Australian political organisation requires no complexity and it has none. Their political system has been called a 'gerontocracy' - by which is meant a rule by old men. More correctly, for Australia it means that older men are the most influential and their opinions are accepted because of the prestige of their elderly positions. Further, one's elders are one's grandfathers, so there is the moral force of kinship behind their words. One accepts the decision of the elder males also out of fear of public opinion, believing all others in the band would disapprove of any dissent. Further, older men are considered to have a certain sanctity, since it is they who are the repositories of all the sacred wisdom of the group. Among the Murngin, for example, each clan has ceremonial leaders who know all the rituals of that clan. The position is inherited from father to son. By control of the ceremonial system these leaders also control who may be initiated into which ceremonies and at which time. This is extremely crucial to the Murngin male, who, in order to be a fully fledged member of society, must in the course of his life pass through several rites of passage from one age group to another. These rites reveal knowledge which is held to be necessary to group survival. Life is a process of being initiated into various ceremonies and, thus, secrets of life, and its climax is the ultimate initiation into "the final mysteries of life by seeing the most esoteric of the totems" (Warner, 132). The main force available to the elders, then, appears to be a supernatural sanction: the threat of withholding admission to certain knowledge deemed essential to success in life. Additionally, elders may turn public opinion against a person.

Within a band the elders are the ones concerned with dealing with strangers and the ones responsible for organising blood feuds or instigating others to impose a punishment on malefactors. Elders, however, have no power as a police force to enforce law. They can only encourage physically stronger men in the community to try to impose a punishment on an alleged culprit.

Supernatural sanctions form an important part of the Australian's techniques to maintain order. Bone pointing is well known and one does not have to be a particular specialist in order to use it. In this technique a magic bone is pointed in the direction of one's enemy, who is, of course, informed that this has been done. Consequently the victim is supposed to become ill and die. As Cannon long ago pointed out, this "technique does achieve results. Victims appear to die because they simply resign themselves to death. Like the Inuit the Australians have part-time religious specialists or shamans. These undergo special initiations, often under the direction of a group of shamans who constitute a kind of rudimen1ary guild of craft specialists. Shamans have the power to counteract the magic of an enemy. They can also destroy another man. This they are a major force for mobilising and influencing public opinion and, according to Warner, they are as effective in this respect as ceremonial leaders (242).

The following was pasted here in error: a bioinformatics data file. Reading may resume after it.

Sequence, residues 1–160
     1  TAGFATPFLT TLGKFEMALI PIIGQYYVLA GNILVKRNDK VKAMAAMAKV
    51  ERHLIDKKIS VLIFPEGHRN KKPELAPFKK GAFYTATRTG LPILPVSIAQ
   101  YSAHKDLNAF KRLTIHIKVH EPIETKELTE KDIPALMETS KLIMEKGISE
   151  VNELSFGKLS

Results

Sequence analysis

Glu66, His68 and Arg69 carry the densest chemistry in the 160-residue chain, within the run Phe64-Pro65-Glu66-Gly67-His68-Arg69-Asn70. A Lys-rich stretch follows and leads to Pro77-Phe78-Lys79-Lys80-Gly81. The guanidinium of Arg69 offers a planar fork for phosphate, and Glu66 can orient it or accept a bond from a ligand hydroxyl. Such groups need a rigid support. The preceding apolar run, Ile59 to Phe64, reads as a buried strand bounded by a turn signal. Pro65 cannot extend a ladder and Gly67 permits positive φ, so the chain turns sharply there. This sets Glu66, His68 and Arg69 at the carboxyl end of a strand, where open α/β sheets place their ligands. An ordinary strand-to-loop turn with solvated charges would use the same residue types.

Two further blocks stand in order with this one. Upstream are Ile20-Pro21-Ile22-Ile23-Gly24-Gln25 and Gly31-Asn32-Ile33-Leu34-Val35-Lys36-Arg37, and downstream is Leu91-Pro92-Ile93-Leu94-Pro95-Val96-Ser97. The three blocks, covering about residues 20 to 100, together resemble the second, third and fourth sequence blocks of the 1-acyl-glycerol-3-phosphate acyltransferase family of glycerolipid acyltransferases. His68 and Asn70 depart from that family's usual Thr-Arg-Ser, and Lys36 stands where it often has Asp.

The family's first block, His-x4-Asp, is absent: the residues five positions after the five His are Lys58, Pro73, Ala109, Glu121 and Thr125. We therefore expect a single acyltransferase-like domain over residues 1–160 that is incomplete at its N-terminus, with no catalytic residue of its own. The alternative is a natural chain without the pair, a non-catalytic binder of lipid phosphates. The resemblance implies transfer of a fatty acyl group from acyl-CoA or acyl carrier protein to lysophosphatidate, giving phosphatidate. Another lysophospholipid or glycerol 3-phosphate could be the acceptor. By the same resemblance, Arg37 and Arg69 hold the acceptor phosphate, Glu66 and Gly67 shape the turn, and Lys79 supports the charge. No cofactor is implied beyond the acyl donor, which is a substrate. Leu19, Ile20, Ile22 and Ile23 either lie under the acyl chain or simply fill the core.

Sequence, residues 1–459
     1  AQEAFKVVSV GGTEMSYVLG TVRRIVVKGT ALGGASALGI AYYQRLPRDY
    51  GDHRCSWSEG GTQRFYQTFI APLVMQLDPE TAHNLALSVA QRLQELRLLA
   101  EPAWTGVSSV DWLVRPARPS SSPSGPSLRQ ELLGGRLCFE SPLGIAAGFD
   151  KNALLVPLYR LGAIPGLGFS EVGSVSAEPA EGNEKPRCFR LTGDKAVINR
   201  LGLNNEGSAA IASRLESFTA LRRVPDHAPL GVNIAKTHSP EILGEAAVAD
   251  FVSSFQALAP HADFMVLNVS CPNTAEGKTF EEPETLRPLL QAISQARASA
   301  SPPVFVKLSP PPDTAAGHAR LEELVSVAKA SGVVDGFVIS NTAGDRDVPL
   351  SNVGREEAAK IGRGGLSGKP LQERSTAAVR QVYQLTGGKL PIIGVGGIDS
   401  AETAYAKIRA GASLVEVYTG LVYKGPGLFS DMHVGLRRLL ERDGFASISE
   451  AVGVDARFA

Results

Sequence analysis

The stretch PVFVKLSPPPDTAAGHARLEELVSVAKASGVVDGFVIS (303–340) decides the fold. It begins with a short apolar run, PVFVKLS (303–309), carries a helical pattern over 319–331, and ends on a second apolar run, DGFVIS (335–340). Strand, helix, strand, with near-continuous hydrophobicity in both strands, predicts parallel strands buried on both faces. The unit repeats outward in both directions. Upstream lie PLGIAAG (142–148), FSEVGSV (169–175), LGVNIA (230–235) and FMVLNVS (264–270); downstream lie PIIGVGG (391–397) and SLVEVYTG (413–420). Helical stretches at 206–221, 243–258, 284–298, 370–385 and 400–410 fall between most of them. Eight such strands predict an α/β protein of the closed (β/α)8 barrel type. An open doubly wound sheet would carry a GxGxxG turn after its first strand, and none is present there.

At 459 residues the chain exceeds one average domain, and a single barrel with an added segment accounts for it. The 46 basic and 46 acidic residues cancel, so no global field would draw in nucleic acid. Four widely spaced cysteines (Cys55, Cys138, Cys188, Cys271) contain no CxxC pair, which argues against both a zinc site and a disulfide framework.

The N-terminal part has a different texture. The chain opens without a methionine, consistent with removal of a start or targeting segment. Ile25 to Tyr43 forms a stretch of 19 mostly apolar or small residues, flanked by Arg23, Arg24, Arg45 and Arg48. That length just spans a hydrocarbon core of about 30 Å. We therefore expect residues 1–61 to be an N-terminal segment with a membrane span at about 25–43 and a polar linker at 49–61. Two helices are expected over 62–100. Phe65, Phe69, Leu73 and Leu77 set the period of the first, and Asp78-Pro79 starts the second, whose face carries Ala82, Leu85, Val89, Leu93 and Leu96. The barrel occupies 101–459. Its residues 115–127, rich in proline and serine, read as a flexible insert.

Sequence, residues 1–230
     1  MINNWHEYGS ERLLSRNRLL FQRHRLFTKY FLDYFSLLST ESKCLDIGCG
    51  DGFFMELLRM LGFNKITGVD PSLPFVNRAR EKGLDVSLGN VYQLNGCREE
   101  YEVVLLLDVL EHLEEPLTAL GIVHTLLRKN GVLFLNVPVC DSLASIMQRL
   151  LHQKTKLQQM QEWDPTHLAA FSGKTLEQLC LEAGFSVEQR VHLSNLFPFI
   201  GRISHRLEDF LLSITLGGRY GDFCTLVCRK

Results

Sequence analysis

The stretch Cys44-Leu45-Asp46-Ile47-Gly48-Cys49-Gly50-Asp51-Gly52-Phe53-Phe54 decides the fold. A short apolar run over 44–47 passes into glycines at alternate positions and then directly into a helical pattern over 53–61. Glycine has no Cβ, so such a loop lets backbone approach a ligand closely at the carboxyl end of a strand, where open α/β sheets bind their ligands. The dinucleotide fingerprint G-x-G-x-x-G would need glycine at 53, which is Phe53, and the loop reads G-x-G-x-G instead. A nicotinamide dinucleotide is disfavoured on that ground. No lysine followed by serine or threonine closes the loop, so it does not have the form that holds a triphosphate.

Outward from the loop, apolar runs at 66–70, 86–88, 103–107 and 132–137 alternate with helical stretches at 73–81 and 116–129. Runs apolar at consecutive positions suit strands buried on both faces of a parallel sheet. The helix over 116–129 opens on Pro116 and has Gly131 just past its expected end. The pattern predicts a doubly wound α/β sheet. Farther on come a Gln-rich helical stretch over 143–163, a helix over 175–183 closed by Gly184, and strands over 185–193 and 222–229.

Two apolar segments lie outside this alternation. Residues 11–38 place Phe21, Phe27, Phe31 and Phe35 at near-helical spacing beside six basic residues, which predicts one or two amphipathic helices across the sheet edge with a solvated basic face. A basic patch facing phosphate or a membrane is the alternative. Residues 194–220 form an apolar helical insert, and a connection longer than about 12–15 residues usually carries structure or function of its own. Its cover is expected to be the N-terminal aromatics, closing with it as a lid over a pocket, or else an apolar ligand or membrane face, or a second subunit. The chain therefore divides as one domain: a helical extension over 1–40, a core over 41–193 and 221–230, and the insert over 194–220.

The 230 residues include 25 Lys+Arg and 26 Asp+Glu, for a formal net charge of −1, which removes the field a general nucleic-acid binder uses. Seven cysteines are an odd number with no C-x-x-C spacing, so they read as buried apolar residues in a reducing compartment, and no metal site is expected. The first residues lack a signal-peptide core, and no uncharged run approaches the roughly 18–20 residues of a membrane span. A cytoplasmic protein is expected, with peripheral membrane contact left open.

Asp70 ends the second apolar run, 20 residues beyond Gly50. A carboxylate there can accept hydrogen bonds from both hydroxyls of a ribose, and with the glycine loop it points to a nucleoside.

Australian society represents a political system with somewhat more structure and formality than characterised the Inuit and Pygmy. Indeed, gerontocratic features are more common to African horticulturalists. Australians, nevertheless, function according to diffuse and religious sanctions. The control by the older men of access to those ceremonial initiations deemed essential for attaining full male status, approaches a rudimentary government. Yet since Australian groups are communities of kinsmen and these elders are kinsmen, addressed and treated as such, their position is more clearly that of grandfather than that of governor or policeman. In addition, elders in no way have any monopoly on the uses of violence to impose their commands an and this, of course, is the keystone of a governmental structure.

  1. People Without Government: An Anthropology of Anarchy